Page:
On Friday (Oct. 23), Mxit, the South African-born instant messaging service, once dubbed Africa’s largest social network, announced that it was giving up the battle to compete against other mobile messaging platforms.
The company is “shutting down its commercial operations” reports Fin24, opting to hand over its IP and technology to the Reach Trust—a South African organization that uses mobile technology to solve educational and health challenges.
Founded in South Africa in 2005, Mxit was a popular instant messaging service for millions of South Africans, before the advent of Facebook, Whatsapp and other social networks in the country. In 2012, CNN reported that Mxit had 10 million users in South Africa, outpacing Facebook and Twitter at the time, with 6 million and 1.1 million users respectively.
But by 2013, Mxit’s hold on South Africa’s instant messaging market began sliding as Whatsapp began growing its popularity. According to Fin24, the company had 7.5 million active users in 2013, this declined to 1.2 million active users in July 2015.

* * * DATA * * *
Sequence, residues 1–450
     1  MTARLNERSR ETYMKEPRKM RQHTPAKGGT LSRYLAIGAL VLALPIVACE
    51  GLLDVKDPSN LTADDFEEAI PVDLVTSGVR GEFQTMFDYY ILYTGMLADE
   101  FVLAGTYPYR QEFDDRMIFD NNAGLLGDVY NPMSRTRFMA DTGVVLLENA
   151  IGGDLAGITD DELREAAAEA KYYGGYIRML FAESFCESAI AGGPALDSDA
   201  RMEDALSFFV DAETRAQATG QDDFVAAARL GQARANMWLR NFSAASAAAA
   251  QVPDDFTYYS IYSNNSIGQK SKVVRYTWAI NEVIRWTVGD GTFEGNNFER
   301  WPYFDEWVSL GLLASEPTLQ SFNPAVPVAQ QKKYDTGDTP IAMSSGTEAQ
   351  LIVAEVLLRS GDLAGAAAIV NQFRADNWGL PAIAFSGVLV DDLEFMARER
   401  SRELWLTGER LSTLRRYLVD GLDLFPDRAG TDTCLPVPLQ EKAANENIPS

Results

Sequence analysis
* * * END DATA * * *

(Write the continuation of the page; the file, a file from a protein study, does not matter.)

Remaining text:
Mxit’s instant messaging service was initially built for “feature phones”—handsets that are enabled with basic web and multimedia functionality, but lack the advanced features of a smartphone—allowing millions of South Africans to access instant messaging through the mobile web. Michael Jordaan, a South African venture capitalist and chair of Mxit, told Fin24 that the company’s declining user numbers were linked to smartphones becoming readily available, and that Mxit users switched over to Whatsapp as they upgraded to smartphones.
Speaking to Quartz, Arthur Goldstuck, a South African tech analyst, said that there was a lot that South African start-ups could learn from Mxit’s demise.
“The first thing [Mxit] did wrong is that they became complacent when they were at their peak. They made the same mistake Netscape made in the 90s— it underestimated Microsoft, and two years Netscape was wiped out. It was not only the rise of smartphones that led to Mxit’s decline, it was also the rise of other social networks. They woke up too late,” said Goldstuck.